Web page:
Years after the bulk of business moved online in some capacity, some organisations remain mired in outdated operational methods, and charities and non-profits are chief among them. It’s easy to understand why, of course: when you care far more about helping people than you do about making money, you’re far less likely to be concerned about staying ahead of the curve.
What those organisations need to realise is that embracing new technology is about far more than making money. It’s largely about making tasks easier, saving time and effort, and reaching more people than you ever could with traditional methods. Profit is really just a consequence for the businesses that pursue it — for a charity, it’s about putting money back into helping people.
If you’re involved with a charitable organisation of some kind, and it’s in that awkward position of being out of touch with the digital world, it’s time to make some changes. Here are 10 steps it should follow to undergo a successful digital transformation:
You can’t make any meaningful changes without the go-ahead from the people in charge, and this can easily be the biggest obstacle. People from older generations don’t always understand the point of digital transformation, after all. It falls upon the more tech-savvy to explain how it makes it faster and easier to help people. Get a commitment from them — ideally in writing!
When you have a mixture of digital and analog processes in your everyday operations, things can be very confusing. Start by making a note of everything you do that could plausibly be moved online. Paperwork? Outreach? Marketing? Make a comprehensive list so you can start figuring out where the priority should go.
What’s your ultimate goal with the transformation? What do you think your organization might look like in 10 years, for instance? If you can decide that, you can have something to work towards, and have a vision to set out when working on promotional campaigns. Knowing that a charity aspires to keep improving is a great reason to invest in it.
Organisations that aren’t profit-led don’t generally compete very aggressively, because each one knows that the success of any other is a good thing overall. This makes networking much easier and more expansive. As a charity, it’s likely that you already have numerous established relationships with other companies (charitable or otherwise), many of which have no doubt already undergone digital transformations. Why not reach out to them for advice and support?
At some point, you need to stop being hypothetical about using digital tools and start actually using them, and that can be complicated. It’s possible that plenty of staff members and volunteers working with your organization have limited computer skills. The first practical step, then, is to provide IT training: bring someone in to teach, or get people on IT courses.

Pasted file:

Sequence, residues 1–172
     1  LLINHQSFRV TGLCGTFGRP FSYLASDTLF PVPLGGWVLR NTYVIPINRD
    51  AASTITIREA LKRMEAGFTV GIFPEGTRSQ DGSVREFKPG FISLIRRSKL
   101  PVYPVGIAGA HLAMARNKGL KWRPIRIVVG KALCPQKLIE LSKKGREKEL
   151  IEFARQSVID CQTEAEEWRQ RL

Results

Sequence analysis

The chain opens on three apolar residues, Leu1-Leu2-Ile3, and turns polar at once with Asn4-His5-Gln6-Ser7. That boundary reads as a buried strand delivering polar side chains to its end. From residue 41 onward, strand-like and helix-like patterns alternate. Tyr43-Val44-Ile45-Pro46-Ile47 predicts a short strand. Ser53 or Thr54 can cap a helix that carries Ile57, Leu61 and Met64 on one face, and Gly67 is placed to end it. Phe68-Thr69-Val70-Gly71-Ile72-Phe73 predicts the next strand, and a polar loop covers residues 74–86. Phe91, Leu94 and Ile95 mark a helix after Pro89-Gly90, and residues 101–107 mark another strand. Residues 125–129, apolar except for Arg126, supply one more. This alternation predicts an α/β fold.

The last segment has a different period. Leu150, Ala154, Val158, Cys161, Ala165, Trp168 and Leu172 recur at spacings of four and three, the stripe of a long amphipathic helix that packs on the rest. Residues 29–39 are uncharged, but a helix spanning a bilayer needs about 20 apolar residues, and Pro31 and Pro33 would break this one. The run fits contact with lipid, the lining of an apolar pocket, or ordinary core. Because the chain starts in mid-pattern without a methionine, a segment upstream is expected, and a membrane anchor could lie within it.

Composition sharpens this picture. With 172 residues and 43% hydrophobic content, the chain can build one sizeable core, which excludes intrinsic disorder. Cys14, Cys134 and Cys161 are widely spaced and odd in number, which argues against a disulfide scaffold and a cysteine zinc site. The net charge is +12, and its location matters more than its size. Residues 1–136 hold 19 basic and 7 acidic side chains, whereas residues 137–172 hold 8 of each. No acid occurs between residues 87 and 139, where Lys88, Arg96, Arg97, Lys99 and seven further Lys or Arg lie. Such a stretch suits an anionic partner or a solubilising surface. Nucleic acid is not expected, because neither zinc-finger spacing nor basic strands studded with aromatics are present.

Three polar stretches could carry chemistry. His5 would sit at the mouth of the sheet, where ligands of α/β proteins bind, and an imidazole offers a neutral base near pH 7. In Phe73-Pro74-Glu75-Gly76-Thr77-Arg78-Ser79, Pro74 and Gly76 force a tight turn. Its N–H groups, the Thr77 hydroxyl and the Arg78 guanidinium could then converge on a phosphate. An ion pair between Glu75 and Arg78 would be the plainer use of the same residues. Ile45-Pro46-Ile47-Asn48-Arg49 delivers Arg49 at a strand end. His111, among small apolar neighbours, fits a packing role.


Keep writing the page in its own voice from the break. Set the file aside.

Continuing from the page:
The operational areas that tend to take up the most time, effort and money for charities are HR and finance. Every fresh staff member must be onboarded and paid, and given the turnover inherent to the industry (it’s often a temporary pursuit, after all), this can be extremely arduous. You’ll find that using online payroll software will keep everything in order — couple it with a comprehensive range of online training materials to get people up to speed faster. Consider the merits of using something like Perkbox for employee engagement — it’s easy to manage and can really help freshen up any employee benefits you offer.
Even if you’re heavily analog, you’ll undoubtedly have a website by now: it just might not be very good. You need a modern website that’s fast, responsive, and easy to use. Consider hiring a novice web developer to overhaul your site, or, if it’s particularly outdated, replace it with a new one. It doesn’t need to be amazing, so don’t pay a huge sum: just make sure it’s rock-solid.
Charity PR can feel awkward, but it’s a necessary part of the process. You can’t help people if you don’t have sufficient funding or assistance. Social media is great for getting the word out about charity, particularly if you can provide case studies and stats about the work you do: showcase what you’re trying to achieve, and you’ll build up a valuable following.
The more support you get, the better, and moving online gives you more ways to gather it. You can provide donation buttons on your website, in your emails, and in your social media profiles. You can also create online communities for volunteers: on Facebook, for instance, or even a dedicated forum. If someone wants to help out, make sure they have options.
The digital world never stops moving, and standards change at a rapid pace. That means that your digital transformation will never truly be finished — you’ll need to keep making minor changes on a somewhat-frequent basis to ensure that you don’t fall behind the times. To stay apprised of what needs to be done, follow whichever digital industry blogs best suit your style: sites like Charity Digital News are particularly relevant.
If you can do each of these things, you’ll find your organization in a much stronger position to push on and achieve greater things in the future. Your digital transformation work won’t be done, but that’s unavoidable — just keep your eyes open so you can see what fresh opportunities the next industry developments will bring.